Friday, January 9, 2009

F-Bombs and Other Curses/Language

Hmmm....there seems to be some back and forth in the comments to my last post regarding F-bombs in the office, and related bad language.  Look, I am not saying that I never say the F-bomb.  I am just saying you need to be careful about language you use in the professional workplace.  You'll recall this came up in my discussion regarding being careful what you put out there in the social networking/cyberspace world. 

If you are sitting in a friend's office and the F-bomb flies, this is not a big deal. But, you need to be careful about who you use foul language in front of -- don't assume that just because someone is your age, or younger, or you are very familiar with them, that throwing the F-bomb or other foul language is ok.  The best thing is to be careful and watch the language.

First, do not curse in an interview!  DON'T DO IT!  Did you hear me?  Don't do it. Just because some of us look young and maybe even hip doesn't mean we think it would be appropriate for you to say shit, or f-bomb or whatever along those lines.  Or "the professor screwed me with that grade."  This goes to JUDGEMENT...and we will think ... how will this person behave in front of a client?

Case in point, a relatively youthful partner of mine takes great offense when people curse -- in any setting.  A person interviewed with her as a lateral.  This guy figured they are about the same age and let the f-bomb fly.  She complained and let her views known.  I don't believe he got hired.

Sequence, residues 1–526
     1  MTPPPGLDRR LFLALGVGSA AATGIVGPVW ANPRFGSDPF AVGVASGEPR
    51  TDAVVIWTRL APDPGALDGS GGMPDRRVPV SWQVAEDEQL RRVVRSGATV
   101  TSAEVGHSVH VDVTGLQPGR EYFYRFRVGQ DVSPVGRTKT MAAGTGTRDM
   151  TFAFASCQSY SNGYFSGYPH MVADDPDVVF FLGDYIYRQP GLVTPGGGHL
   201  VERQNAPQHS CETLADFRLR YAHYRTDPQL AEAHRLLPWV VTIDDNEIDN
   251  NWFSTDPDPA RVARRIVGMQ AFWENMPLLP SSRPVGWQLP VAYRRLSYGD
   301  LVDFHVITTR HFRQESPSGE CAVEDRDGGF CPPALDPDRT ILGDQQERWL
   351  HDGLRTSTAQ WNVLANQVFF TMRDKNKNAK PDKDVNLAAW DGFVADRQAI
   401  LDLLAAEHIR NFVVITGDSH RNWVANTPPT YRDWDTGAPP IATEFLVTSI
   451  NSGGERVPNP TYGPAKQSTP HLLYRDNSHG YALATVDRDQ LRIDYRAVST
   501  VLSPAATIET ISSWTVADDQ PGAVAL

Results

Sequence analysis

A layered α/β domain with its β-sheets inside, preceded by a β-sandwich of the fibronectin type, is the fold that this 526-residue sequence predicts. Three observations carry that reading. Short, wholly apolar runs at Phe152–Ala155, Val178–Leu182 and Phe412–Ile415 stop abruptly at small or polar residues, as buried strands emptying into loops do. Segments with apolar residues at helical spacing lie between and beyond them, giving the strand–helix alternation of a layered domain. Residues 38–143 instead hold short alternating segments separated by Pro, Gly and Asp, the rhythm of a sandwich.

Second, do not curse with clients.  Even if you are on very friendly terms, remember this is still an attorney/client relationship.  Remember, I told you guys and gals at the very beginning of the blog -- YOU ARE NOT AT HOME.  Guard your words.  

Case in point, I had a client who is a very religious woman.  You wouldn't necessarily know this off the bat, but over the years, I have learned how devoted she is to her religion.  She would take offense to cursing.  

Overall, just be cautious.  That isn't saying you can't be yourself - but keep in mind you are in a professional setting and it is always better to be on the conservative side when it comes to oral and written communications.  

We can address the TMI factor in communications in another post.

Hope you have a fun-filled weekend.  



10 comments:

Anonymous said...

Sorry about "dropping the f-bomb," as you call it, on the last post. I thought we were all adults and it was an anonymous internet comment thread, not an interview, but hey, your blog your rules. Might I humbly suggest, however, that when a single word offends in a long comment, an edit might be the more appropriate course of action? Again, your house, your rules.